One person misled customers and was stung with a $800,000 fine by the courts.

Another was convicted of aggravated careless driving which resulted in a woman's death. However, the driver who got behind the wheel after drinking, escaped without a fine. He received home detention and lost his licence for two years.

The father of the dead woman cannot understand the discrepancy in sentences handed down by different judges on the same day.

Kerry Gunn, 54, died during the earlier hours of June 15 last year after Tristian Harley Mead hit her car head-on just south of Warkworth.

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Mead was sentenced on February 10 this year at the North Shore District Court to nine months' home detention and disqualified from driving for two years on the charges of aggravated careless driving causing death while under the influence, and two similar charges of causing injury.

The maximum sentence which could have been imposed on Mead under the Land Transport Act was three years in prison, a $10,000 fine, and a minimum disqualification of one year.

Gunn's father, John Gunn did not criticise the sentencing judge, who he said was constrained by precedent.

However, he told the Herald there was seemingly a lack of a "deterrent factor".

"It won't change the sentence ... the sentence can't be altered or amended," the 82-year-old said.

"But where is a deterrent factor? The offender will sit amongst home comforts whilst [my daughter's] ashes lay cold in her cremation casket.

"I do question the sincerity of those in authority who call for a reduction in the rising road toll, yet fail to provide a meaningful penalty."

He said he was waiting to receive the judge's sentencing notes.

Police prosecutors had sought the full penalty of imprisonment for Mead, he said.

The night before the fatal crash, Mead had been drinking vodka mixers before and during the Chiefs v Wales rugby match in Hamilton, court documents show.

Post-match he drank a further five pints of beer before returning to his motel with a friend in a taxi.

The pair then had an argument and decided to drive home to Northland about 2.45am in Mead's ute.

Mead, 40, was also on a restricted driver's licence, according to court documents.

Further north at the coastal town of Mangawhai, workmates Gunn and Paul Kerr left Placemakers at 4.05am, destined for Hamilton to work at the hardware store's stand during Field Days.

At about 4.50am, as both drivers travelled towards each other on SH1, Mead crossed the centreline and collided head-on with Gunn and Kerr.

Gunn died at the scene from her "massive injuries".

Kerr, Mead and his passenger were all transported to hospital with serious injures.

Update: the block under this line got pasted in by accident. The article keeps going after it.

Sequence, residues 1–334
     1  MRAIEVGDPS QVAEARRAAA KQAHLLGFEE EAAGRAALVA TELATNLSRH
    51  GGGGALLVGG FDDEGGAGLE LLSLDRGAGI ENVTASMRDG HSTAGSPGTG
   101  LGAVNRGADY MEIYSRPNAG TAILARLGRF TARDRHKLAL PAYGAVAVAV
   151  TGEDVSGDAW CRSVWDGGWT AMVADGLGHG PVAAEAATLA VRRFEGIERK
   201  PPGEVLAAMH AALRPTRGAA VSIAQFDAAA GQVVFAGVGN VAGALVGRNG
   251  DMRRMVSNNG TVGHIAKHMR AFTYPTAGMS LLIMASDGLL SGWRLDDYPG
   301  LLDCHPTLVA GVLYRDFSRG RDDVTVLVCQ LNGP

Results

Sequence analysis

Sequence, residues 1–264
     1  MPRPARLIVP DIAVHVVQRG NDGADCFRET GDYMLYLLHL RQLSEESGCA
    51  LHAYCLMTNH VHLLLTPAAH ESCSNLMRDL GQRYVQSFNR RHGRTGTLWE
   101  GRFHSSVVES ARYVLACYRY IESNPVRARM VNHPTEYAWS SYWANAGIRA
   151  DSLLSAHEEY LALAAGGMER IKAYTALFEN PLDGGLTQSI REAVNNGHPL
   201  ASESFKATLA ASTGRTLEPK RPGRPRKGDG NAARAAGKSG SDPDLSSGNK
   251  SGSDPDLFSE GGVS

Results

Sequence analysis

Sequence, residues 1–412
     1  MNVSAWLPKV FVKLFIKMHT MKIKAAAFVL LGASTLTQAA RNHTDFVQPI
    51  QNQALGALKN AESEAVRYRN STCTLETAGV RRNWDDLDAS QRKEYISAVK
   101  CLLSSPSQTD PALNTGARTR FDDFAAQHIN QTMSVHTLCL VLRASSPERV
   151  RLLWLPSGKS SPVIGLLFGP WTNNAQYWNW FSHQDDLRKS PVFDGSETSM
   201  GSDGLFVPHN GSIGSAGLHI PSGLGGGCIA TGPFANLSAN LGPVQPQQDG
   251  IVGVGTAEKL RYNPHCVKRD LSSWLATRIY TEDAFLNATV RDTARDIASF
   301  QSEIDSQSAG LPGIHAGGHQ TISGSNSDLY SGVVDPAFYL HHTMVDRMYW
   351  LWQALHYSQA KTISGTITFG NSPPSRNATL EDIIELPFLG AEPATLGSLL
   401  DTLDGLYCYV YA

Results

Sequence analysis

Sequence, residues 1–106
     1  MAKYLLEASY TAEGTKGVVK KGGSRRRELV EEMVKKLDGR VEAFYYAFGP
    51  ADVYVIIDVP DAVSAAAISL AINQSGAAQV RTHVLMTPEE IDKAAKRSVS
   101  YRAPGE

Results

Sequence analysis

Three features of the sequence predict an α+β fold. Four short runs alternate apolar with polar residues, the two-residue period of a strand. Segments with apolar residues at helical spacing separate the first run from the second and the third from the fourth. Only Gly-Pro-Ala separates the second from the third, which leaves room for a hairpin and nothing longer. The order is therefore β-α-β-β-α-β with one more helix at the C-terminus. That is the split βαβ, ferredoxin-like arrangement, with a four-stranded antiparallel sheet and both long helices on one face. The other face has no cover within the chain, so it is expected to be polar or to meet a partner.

Later, Kerr, who fractured several ribs and his sternum and suffered several lacerations, had his spleen removed during emergency surgery.

Blood was taken from Mead some three and a half hours after the crash, and returned a result of 17mg of alcohol per 100ml of blood.

However, court documents show further analysis by Environmental Science and Research forensic toxicologist Samantha Coward estimated Mead's blood concentration at the time of the crash was between 52 to 87mg of alcohol per 100ml of blood, and likely at the mid-point of 70mg per 100ml.

Mead told police he "recalled closing his eyes like a slow blink, opening his eyes and seeing bright headlights".

Criminal Bar Association president Len Andersen did not believe Mead's sentence was inappropriate for the type of charge, given that it was not proven Mead was over the drink driving limit at the time of the crash.

Because the blood test was taken too late and the prosecutors could not prove Mead was over the limit, he could not be charged with drink driving.

"It's probable that if they had taken the blood test and if it had been over, then the penalty would have been greater."

Careless driving could mean something as simple as a moment of inattention, which Andersen said could happen to anyone. It was not unheard of for people to be let off with a fine for a careless driving causing death charge.

Andersen said from the family's point of view, no penalty would ever be enough.

"The judge is constrained by the fact that this was the least serious charge that could be laid in terms of somebody that had died."

With the maximum penalty being three years imprisonment, Andersen said it was particularly rare for a first-time offender to receive a sentence higher than two years in prison, and for sentences under two years, the judge was obligated to look at community-based sentences as an alternative, including home detention.

Also on February 10, Bike Barn was ordered to pay $800,000 over an intensive advertising campaign which claimed bikes had been heavily discounted when in fact they were being sold for full price.

Bike Retail Group and Bikes International, operating as Bike Barn during the two-year period in question, were sentenced in Auckland District Court by Judge David Sharp.

The companies pleaded guilty to 16 charges brought by the Commerce Commission under the Fair Trading Act.